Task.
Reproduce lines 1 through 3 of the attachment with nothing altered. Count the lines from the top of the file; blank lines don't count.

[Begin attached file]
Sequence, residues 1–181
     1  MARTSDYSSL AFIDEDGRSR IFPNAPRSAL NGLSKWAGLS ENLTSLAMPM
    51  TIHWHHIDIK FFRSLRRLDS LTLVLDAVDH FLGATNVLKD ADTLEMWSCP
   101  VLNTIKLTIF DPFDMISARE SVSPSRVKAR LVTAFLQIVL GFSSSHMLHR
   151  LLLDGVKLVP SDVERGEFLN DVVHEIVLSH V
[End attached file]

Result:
Sequence, residues 1–181
     1  MARTSDYSSL AFIDEDGRSR IFPNAPRSAL NGLSKWAGLS ENLTSLAMPM
    51  TIHWHHIDIK FFRSLRRLDS LTLVLDAVDH FLGATNVLKD ADTLEMWSCP